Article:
Do You Have Memories You Wish You Could Forget?

Don't let unwanted memories control you.

Posted Dec 22, 2018

Krystine I. Batcho
Source: Krystine I. Batcho

Psychologists and neuroscientists have devoted substantial efforts to understanding memory and discovering ways of enhancing recall. But many people might be frustrated with their inability to forget emotionally painful experiences. A stressful, traumatic, or sorrowful event can extend its damage to a person’s well-being long after when it occurred as it lives on memory. Recurring memories of traumatic events or painful loss can be detrimental to feelings of security, enjoyment, trust, and optimism. If you are one of these people, you might recognize the signs of sweating palms, racing heart, or your eyes welling up with tears. In the most severe cases, being haunted by unwanted memories can lead to depression, anxiety, and hopelessness.

There are no simple answers to questions surrounding the long-term impact of adverse experiences. Some research studies have demonstrated that people can deliberately forget specific material in response to experimental instructions. Recent research suggests that the ability to forget upon command depends on inhibitory executive-control mechanisms associated with activity in prefrontal areas of the brain. However, other studies have found that negative thoughts can come into conscious awareness repeatedly in a process referred to as rumination without explicit cues or efforts to remember them. Even non-emotional thoughts can remain prominent in mind, despite deliberate efforts to suppress them.

If you find yourself suffering from recurring unwanted memories, you might wonder why some research suggests that you should be able to forget, inhibit, or repress them. One possibility is that despite their inherent scientific importance, laboratory studies might not always explain everyday experiences in complex individual lives. In fact, trauma survivors often report difficulty forgetting their disturbing memories despite their great desire to do so. Consistent with such reports, participants with past traumatic experiences were less able to forget trauma-relevant words in laboratory studies.

Perhaps contradictory research findings will be understood once the many relevant variables have been examined and controlled. Some people have greater executive control over the flow of information from one area of the brain to another. The same person might be able to ignore unwanted memories while engaged in activity requiring their total attention, but lose the battle once they relax or let down their guard. The ability to control the retrieval of memories in a safe, orderly laboratory might fail us in a complex world that can surprise us with unexpected triggers. Material processed in research might not threaten us — or even our sense of who we are — in the same way aspects of our daily lives can.

Even studies in support of the ability to intentionally forget have not assumed that forgotten material is gone forever. Unlike the metaphor of deleting it and wiping the brain clean, a more plausible model is one of weakening or redirecting the pathways that result in a stored memory being activated in conscious awareness. In other words, a person might be able to inhibit retrieval of a stored memory rather than erasing it from storage.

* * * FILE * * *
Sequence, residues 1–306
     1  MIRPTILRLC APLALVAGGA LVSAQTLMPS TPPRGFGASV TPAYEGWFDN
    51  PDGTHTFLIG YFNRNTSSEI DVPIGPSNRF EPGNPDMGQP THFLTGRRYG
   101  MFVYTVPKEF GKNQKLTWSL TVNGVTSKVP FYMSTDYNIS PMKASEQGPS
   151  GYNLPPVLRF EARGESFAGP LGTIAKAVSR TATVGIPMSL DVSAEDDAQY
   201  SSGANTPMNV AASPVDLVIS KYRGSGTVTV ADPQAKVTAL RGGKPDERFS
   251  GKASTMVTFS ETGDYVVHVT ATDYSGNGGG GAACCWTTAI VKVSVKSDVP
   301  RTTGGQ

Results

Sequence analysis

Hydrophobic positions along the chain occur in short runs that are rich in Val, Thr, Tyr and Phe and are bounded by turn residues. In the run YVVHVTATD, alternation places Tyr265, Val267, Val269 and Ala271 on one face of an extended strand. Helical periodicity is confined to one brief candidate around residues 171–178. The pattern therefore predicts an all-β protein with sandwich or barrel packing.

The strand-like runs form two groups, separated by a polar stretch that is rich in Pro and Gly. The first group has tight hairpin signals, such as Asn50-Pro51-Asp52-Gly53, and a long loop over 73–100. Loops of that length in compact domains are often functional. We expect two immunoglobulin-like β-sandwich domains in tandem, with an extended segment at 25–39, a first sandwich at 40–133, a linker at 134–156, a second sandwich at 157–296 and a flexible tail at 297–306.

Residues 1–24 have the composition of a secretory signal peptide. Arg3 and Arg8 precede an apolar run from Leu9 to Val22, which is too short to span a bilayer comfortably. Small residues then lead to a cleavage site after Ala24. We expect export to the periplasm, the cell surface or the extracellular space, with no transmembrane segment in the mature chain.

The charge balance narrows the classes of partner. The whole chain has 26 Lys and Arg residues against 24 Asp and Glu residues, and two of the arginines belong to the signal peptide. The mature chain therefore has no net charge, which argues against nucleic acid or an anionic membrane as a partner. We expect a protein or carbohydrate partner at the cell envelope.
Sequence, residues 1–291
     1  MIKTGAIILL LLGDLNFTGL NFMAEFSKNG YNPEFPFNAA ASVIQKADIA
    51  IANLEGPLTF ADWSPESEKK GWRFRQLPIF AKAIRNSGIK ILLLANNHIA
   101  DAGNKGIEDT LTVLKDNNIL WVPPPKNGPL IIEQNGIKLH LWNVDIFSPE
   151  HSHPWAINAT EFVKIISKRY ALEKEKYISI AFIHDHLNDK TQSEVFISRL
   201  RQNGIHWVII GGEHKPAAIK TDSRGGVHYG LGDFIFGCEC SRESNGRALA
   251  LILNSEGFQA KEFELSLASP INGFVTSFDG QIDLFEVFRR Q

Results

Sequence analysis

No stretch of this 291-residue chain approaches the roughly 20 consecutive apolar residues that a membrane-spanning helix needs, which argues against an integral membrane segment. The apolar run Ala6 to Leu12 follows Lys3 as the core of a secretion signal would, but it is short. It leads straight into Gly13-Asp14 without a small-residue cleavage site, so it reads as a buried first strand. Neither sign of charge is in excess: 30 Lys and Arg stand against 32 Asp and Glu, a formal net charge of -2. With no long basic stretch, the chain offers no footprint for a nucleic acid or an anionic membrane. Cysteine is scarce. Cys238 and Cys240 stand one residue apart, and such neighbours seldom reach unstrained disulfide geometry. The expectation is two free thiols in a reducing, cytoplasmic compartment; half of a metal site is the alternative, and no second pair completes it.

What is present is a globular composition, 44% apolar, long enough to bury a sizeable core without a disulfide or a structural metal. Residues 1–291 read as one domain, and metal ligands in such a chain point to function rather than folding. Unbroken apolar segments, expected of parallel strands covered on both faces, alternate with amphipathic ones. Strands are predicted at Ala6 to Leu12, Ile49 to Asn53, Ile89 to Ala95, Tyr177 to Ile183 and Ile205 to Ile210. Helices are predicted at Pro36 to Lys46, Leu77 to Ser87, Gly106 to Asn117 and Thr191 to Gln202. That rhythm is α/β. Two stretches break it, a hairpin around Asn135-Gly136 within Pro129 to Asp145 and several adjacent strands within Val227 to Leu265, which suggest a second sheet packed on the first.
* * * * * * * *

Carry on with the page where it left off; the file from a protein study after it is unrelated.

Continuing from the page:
Why would this difference be important? Psychology has long engaged in a complicated debate over notions of the temporary suppression or repression of unwanted or emotionally threatening memories. If it takes effort to suppress a memory, exerting that effort might detract from our performance on ongoing tasks or lessen our enjoyment of present activities. The effort might cause fatigue, anxiety, or sadness. Being able to inhibit an unwanted thought in one situation doesn’t mean that the thought won’t resurface in a different context. Just when you think you’ve gotten past it, the painful memory might pop back into your mind, catching you in an unguarded moment. Keeping unwanted memory from consciousness doesn’t mean that the emotions connected to the memory are prevented from affecting us. Feeling sad or frightened without knowing why could indicate that while we aren’t thinking of the content of the event, we can still feel the negative impact of the experience.

If you could take a medical treatment to erase an unwanted memory from your brain, would you? Escaping the emotional pain of a past adverse event might be liberating and allow you to enjoy the present and anticipate a hopeful future. At the same time, deleting the memory wouldn’t change the past. Destroying the memory wouldn’t eliminate the ways in which that experience has affected you. In many cases, a productive resolution may involve using the memory to gain insight into how you became the person you are, and learning how to use the choices you make now to enjoy becoming who you want to be.

Research suggests that it is easier to get beyond certain types of emotional hurt when a person can forgive the one who hurt them. The unwillingness or inability to forgive might motivate remembering the hurt, at least in part to justify the desire for justice or retaliation. Having forgiven someone, a person might feel less need to remember the painful experience and be better able to forget the details of the injury. Forgetting can then contribute to learning coping strategies that enable a person to move on. Forgiving and forgetting can advance a person’s effort to avoid being defined by their painful past. Keeping the unwanted memories under control frees a person to establish or reaffirm their identity on their own terms. Professional help is available for those who struggle with overcoming painful memories. No one has to do it alone.


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